The much-anticipated 5th edition of the reference manual mental health professionals use to classify and diagnose mental disorders — called the Diagnostic and Statistical Manual of Mental Disorders — was officially released today. The DSM-5, as it’s called, was published today after a 14 year revision process.
The manual is published by the American Psychiatric Association (APA).
The process included the analysis of hundreds of research studies published in the past two decades by multi-disciplinary, disorder-based workgroups. Then drafts of the proposed manual were published three times, resulting in over 13,000 comments, emails and letters from other researchers, clinicians and the public.
James Scully, Jr., MD, CEO of the APA, suggested that the DSM-5 will be a “critical guidebook for clinicians.”
“The manual is first and foremost a guidebook for clinicians,” reiterated David Kupfer, M.D., DSM-5 task force chair, who noted that the overall number of disorders remains largely the same as what appeared in the DSM-IV, the prior edition of the book. The number has stayed largely the same because new disorders have been offset by the combining or removing old, outdated disorders.
Details of the biggest changes made in the DSM-5 were first reported by us earlier today in a blog entry.
New disorders added since the publication of the DSM-IV nearly 19 years ago include Disruptive Mood Dysregulation Disorder (formerly known by clinicians as childhood bipolar disorder), mild neurocognitive disorder, binge eating disorder and premenstrual dysphoric disorder. The latter two were first suggested in the DSM-IV, and were formally recognized as disorders by the DSM-5.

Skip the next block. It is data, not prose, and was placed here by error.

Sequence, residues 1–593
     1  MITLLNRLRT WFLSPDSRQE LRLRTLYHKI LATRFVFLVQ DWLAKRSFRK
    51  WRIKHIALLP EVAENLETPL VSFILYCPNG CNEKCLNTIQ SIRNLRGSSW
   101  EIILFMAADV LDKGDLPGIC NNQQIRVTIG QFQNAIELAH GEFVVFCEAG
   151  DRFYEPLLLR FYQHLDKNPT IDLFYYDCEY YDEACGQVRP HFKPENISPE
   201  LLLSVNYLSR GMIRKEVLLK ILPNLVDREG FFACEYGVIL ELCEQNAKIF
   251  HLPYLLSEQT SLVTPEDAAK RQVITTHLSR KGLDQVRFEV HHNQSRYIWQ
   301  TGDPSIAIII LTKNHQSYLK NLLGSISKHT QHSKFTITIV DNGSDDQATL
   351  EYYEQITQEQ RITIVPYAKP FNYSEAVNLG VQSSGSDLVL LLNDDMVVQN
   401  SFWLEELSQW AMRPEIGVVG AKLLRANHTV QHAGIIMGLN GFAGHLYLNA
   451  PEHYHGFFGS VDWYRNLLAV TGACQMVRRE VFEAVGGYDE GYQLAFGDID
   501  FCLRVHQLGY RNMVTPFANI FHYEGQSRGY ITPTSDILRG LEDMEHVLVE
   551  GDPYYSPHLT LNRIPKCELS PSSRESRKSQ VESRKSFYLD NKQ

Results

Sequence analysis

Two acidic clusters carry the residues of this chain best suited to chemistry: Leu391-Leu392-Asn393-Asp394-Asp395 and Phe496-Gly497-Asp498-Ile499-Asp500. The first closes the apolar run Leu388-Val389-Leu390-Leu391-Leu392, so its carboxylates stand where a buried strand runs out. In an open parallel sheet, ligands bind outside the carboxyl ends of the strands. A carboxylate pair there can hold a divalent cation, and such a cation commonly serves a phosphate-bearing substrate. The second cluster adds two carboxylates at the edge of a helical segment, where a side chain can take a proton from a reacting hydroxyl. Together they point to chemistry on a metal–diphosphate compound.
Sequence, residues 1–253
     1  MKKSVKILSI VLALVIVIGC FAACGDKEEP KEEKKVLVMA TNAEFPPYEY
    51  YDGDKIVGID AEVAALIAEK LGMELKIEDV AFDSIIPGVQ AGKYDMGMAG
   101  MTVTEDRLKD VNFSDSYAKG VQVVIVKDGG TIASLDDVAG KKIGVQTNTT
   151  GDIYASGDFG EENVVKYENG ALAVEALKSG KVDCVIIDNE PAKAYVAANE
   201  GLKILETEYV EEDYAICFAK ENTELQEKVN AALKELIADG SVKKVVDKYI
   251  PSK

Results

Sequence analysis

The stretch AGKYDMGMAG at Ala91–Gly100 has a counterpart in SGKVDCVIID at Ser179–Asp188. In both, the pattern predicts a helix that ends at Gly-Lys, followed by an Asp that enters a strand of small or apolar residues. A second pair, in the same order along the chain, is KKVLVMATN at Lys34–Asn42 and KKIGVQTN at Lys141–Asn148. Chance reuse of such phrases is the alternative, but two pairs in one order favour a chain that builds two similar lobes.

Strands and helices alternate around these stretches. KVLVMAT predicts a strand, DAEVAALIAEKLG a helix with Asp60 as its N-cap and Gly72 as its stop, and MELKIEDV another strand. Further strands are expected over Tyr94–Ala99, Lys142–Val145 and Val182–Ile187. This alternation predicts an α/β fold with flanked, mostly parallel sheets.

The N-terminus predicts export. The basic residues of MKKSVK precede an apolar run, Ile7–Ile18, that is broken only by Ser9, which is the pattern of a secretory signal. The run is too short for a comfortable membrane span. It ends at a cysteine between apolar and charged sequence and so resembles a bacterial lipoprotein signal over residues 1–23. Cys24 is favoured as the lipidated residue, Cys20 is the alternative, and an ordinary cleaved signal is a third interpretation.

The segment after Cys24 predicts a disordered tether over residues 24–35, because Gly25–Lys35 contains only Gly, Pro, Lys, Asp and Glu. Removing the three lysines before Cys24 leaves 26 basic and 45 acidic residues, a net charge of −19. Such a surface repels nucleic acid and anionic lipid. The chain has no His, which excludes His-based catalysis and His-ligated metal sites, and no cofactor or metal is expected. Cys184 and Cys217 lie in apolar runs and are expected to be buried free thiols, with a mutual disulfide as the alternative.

Childhood bipolar disorder has been recognized by some pediatric clinicians and researchers for over a decade. The DSM workgroup, however, decided that using a new term to describe this cluster of symptoms was more appropriate. Disruptive mood dysregulation is characterized by a child or teen under age 18 who exhibits persistent irritability and frequent episodes of extreme, out-of-control behaviors that cause significant distress in the child or teen.
Mild neurocognitive disorder was added to recognize the neurodegenerative decline witnessed by many clinicians who wanted to help their patients, but had no diagnosis to give people who were beginning to experience out-of-the-ordinary memory problems associated with aging. Since normal aging is not associated with memory or cognition problems, the new diagnosis appears to fill the gap between such problems and full-blown dementia (now called Major Neurocognitive Disorder).
Other changes include a difference in how attention deficit hyperactivity disorder (ADHD) is diagnosed in adults, and the merging of four disorders into the single label, Autism Spectrum Disorder. This last change was a significant re-labeling of well-known disorders such as Asperger’s syndrome, and lesser-known disorders: childhood disintegrative disorder and pervasive developmental disorder not otherwise specified.
Last, the multi-axial system of the DSM-IV was jettisoned due to a lack of research demonstrating any meaningful diagnostic distinctions between Axis I and Axis II disorders.
While some critics contend the new edition of the DSM will result in significant changes in how mental disorders are diagnosed in the U.S., they have failed to produce much research data to support their contentions.
With little research producing reliable biomarkers or laboratory tests for mental disorders, the DSM-5 remains the most reliable diagnostic system that is empirically-based.
Source: American Psychiatric Association